Rumson school among those to adopt academy model as new year begins

FROM THE MONITOR

By Mary Stadnyk, Associate Editor

Students from Holy Cross School, Rumson, work hard on a science project during the 2018-2019 school year. When they return in September, the school is reopening as Holy Cross Academy. Courtesy photo

With the start of the 2019-2020 academic year a few weeks away, Father Michael Manning, pastor of Holy Cross Parish, Rumson, said students and their families will find measures in place to prepare Holy Cross Academy to become “leaner, smarter and holier – fit for the future.”

“We are setting down a new path, and we pray the changes equip the school to thrive generations into the future,” Father Manning said of Holy Cross Academy, Rumson. Holy Cross School, which had its beginnings in 1894 when it opened as a one-room schoolhouse, has changed its name to start the new academic year as an academy.

The school is one of three in the Diocese to move toward the academy model this year. All Saints Regional Catholic School, Manahawkin, is reopening as St. Mary Academy under the administration of St. Mary Parish, Barnegat. The school communities of St. Veronica, Howell, and St. Aloysius, Jackson, are setting out as Mother Seton Academy.

Over the years, the Holy Cross Academy had undergone several transitions to accommodate the community’s expanding population and academic requirements. In recent years, however, when the school experienced a shift in demographics, Father Manning said it had become clear to school and parish administration that changes needed to be made. It could no longer be assumed, he said, that recruiting and advertising would “bring back the student enrollment of yesteryear.”

“The demanding academic environment in which our school is located requires us to prepare our graduates to thrive in the local high schools, whether Catholic or public, as they revise their curricula,” he said in explaining the importance of moving to an academy model to maintain academic excellence.

Father Manning and Dr. Mark DeMareo, principal of Holy Cross Academy, announced that the school would adopt the academy model earlier this spring, a decision that received the permission of Bishop David M. O’Connell, C.M. “The name change signifies innovative curricular changes and strategic planning for the next generations along with continued emphasis on Catholic character formation. The school will continue to be owned and operated by Holy Cross Parish and be an integral part of the Diocese of Trenton school system,” Father Manning said. 

Through the re-visioning process, Dr. DeMareo reiterated that school administration was very clear in its commitment to strengthening Catholic faith formation, improving academic standards in all subject areas and developing social responsibility and leadership in the young men and women of the school community.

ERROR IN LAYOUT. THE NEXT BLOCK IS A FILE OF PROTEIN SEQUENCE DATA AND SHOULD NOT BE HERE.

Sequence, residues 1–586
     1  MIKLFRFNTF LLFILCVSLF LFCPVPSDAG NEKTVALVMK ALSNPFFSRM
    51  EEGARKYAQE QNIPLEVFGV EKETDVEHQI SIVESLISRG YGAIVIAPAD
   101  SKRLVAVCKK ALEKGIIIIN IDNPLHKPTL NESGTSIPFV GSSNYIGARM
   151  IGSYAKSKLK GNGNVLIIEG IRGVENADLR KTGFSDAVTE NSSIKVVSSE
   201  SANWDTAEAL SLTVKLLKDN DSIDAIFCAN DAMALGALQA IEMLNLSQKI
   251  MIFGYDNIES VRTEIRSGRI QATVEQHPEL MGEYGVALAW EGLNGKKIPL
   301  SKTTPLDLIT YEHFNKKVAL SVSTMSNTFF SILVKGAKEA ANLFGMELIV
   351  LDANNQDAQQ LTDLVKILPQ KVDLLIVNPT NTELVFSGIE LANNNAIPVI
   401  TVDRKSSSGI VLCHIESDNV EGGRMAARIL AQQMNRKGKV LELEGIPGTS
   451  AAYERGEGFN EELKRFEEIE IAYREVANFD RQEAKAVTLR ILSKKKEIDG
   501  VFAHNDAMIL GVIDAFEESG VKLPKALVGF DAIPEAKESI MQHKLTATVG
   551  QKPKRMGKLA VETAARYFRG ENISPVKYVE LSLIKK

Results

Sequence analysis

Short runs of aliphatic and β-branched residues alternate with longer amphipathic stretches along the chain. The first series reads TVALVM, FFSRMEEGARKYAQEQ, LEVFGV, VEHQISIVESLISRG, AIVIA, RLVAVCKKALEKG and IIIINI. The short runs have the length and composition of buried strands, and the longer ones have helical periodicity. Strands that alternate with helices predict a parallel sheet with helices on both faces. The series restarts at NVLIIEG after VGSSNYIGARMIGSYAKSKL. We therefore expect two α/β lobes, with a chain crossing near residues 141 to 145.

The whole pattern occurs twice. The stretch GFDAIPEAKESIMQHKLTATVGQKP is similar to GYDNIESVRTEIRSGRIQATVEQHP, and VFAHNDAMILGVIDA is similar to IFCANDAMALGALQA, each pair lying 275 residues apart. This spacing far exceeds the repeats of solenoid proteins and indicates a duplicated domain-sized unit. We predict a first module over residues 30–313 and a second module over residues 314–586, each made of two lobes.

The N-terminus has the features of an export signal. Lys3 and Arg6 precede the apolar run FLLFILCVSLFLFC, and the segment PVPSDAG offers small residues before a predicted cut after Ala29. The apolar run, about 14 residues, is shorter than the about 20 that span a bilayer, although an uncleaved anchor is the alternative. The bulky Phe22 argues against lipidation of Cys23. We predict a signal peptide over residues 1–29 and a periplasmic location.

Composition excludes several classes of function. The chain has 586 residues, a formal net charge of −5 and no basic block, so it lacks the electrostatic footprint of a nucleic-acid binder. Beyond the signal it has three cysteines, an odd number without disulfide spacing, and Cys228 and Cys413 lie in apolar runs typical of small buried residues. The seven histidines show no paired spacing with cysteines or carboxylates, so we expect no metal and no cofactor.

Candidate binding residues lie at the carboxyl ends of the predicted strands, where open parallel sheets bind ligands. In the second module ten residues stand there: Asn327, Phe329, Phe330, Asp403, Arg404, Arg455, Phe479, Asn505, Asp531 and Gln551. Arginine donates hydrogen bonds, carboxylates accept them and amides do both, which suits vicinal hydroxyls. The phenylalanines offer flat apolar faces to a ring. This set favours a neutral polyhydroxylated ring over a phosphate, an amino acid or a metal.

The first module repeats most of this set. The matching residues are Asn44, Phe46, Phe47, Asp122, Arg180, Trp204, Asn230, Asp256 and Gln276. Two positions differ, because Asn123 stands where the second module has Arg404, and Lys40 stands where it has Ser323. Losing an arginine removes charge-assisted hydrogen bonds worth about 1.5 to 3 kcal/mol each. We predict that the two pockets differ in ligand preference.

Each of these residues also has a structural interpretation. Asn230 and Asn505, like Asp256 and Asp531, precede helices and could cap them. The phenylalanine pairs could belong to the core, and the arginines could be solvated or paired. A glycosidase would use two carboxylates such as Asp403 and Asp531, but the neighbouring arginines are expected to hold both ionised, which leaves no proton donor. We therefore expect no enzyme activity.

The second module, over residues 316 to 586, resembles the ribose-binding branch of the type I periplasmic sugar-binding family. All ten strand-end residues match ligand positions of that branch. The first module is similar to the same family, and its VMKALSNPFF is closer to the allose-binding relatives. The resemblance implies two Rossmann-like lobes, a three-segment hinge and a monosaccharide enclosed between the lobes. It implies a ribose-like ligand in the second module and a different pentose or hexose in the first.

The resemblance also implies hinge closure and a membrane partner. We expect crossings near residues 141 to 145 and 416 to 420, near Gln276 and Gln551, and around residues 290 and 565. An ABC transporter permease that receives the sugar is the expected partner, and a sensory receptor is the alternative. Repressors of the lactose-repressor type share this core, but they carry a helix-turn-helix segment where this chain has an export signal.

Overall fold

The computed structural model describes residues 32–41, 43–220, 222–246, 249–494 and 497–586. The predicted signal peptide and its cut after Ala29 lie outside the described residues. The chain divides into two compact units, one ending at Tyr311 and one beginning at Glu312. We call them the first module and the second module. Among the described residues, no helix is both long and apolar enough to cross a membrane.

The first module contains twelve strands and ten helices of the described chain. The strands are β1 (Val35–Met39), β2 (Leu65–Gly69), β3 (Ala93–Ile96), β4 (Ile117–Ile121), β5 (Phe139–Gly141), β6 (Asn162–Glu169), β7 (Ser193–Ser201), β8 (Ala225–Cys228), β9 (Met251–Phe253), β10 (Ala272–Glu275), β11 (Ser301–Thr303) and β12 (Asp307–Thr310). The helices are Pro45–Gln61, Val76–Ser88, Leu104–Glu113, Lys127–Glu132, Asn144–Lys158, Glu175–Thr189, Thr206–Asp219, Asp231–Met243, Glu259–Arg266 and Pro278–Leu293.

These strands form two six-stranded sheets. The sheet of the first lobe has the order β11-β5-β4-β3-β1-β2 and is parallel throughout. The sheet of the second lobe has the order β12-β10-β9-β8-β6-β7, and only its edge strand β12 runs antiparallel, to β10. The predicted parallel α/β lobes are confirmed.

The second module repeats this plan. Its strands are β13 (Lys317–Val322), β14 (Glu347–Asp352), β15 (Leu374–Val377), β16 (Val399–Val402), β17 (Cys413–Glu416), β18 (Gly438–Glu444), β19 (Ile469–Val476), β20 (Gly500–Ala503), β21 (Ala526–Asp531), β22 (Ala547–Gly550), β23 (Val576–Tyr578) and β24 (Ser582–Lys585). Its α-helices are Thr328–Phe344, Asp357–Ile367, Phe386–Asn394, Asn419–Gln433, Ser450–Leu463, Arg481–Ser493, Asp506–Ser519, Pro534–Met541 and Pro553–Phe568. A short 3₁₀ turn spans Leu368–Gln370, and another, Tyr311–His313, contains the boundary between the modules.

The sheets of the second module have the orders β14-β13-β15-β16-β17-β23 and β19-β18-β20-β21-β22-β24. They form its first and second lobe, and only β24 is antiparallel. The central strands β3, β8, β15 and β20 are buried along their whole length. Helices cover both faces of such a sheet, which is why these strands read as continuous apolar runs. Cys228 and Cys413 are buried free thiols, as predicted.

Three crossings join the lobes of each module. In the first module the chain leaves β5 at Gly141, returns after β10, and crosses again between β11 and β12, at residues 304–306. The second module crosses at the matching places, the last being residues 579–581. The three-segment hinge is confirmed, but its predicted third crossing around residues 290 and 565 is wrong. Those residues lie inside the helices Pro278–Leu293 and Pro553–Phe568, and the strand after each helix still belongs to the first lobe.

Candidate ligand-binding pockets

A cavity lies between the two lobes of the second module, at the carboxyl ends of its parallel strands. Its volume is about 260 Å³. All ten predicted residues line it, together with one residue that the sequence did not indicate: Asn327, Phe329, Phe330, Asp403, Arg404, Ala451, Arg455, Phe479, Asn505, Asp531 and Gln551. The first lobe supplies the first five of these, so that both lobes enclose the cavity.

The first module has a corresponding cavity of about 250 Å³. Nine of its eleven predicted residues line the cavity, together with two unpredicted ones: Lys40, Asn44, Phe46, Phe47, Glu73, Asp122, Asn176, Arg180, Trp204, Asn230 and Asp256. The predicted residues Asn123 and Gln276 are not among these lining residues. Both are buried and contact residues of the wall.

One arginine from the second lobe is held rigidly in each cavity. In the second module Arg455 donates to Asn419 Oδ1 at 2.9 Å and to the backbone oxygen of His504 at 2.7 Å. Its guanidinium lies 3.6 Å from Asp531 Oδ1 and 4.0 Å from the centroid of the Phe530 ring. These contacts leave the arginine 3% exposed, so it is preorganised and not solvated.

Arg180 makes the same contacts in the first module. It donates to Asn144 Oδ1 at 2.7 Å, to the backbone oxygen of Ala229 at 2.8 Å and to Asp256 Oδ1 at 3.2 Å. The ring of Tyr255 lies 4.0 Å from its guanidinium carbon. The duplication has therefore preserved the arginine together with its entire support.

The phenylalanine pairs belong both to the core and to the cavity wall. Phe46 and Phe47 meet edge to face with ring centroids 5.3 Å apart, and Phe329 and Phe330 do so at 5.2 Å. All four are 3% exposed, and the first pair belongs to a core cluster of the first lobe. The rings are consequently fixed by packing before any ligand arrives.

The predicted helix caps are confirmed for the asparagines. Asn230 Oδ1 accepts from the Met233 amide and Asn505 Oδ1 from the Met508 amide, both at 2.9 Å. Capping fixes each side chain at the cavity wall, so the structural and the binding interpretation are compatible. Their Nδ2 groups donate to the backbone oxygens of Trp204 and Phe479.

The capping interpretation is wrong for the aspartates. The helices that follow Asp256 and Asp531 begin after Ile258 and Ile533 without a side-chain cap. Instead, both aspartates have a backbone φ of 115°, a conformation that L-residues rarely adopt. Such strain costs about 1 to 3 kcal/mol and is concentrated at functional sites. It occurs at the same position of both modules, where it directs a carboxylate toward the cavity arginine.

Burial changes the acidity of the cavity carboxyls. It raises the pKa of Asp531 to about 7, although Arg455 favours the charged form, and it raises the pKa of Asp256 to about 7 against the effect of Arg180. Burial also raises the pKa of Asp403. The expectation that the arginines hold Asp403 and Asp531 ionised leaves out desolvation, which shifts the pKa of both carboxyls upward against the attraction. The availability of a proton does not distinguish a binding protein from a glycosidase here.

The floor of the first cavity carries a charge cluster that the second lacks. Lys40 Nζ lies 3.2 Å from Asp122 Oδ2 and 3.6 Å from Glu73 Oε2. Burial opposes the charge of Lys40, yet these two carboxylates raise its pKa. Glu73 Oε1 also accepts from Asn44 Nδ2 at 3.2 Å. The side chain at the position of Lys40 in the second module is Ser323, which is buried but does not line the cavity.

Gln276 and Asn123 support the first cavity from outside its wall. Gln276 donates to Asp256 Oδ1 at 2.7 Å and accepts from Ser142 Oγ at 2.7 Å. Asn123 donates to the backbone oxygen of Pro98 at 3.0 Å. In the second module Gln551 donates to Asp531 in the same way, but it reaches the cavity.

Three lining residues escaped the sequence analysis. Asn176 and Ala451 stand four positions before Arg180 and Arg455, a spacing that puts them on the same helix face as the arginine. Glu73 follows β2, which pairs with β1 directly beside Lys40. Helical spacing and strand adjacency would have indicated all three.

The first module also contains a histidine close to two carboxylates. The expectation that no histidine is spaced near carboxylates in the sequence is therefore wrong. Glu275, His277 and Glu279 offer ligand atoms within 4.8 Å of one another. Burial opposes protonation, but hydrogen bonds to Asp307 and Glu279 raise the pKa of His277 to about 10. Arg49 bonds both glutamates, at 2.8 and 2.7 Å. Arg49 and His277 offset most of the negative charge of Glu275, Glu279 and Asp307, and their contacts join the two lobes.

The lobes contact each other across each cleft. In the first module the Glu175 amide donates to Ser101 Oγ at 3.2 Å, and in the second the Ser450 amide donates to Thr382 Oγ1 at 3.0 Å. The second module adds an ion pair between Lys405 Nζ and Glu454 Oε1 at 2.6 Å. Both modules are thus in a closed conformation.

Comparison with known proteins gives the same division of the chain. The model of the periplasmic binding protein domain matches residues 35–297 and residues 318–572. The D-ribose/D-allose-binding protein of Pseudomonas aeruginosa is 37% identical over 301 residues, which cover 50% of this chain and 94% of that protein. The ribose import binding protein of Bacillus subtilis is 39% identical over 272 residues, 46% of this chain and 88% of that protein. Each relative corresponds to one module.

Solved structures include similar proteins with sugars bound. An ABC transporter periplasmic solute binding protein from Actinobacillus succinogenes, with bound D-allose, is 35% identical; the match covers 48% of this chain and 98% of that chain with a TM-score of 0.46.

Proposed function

“We are also fully committed to financial well-being, as a strong foundation is necessary for future health and growth of the academy,” he said.

Dr. DeMareo reviewed some of the changes and advancements that faculty and school families can anticipate, including the institution of a new math curriculum in Grades K through eight that includes a restructured math tracking in middle school, with the goal of advanced eighth-grade math students completing high school Algebra 1 before they graduate.

He also indicated that the school has become Project Lead The Way STEM certified, which means that in addition to daily science and weekly technology classes, the students will also benefit from weekly STEM classes in a dedicated STEM lab. Also, a new Catholic virtue-based character education program has been integrated and will pave the way for Virtue-Based Restorative Discipline, “which is a beautiful process for teaching children to recognize, pray over and make up for mistakes they have made in a loving and understanding way,” Dr. DeMareo explained.

Along with upgrading the academic curriculum, Father Manning explained there would be additional focus on the way the students are prepared in the Catholic faith. “We need to emphasize the school exists because of the faith,” Father Manning said, then shared that a parent had recently asked him about what Holy Cross Academy could offer that a private school cannot. My answer was simple – “The faith,” stressed Father Manning. Dr. DeMareo agreed and added, “The entire impetus for the changes we’ve made is to ensure that a quality Catholic education is available at Holy Cross for many years to come,” he said. “It is my great hope, that we as an academy, in the classroom, at liturgy, on the stage and on the field of play will reinforce and support the deepening of our students’ faith by modeling integrity, compassion, understanding and love in the place which is in many ways the center of their daily lives.”

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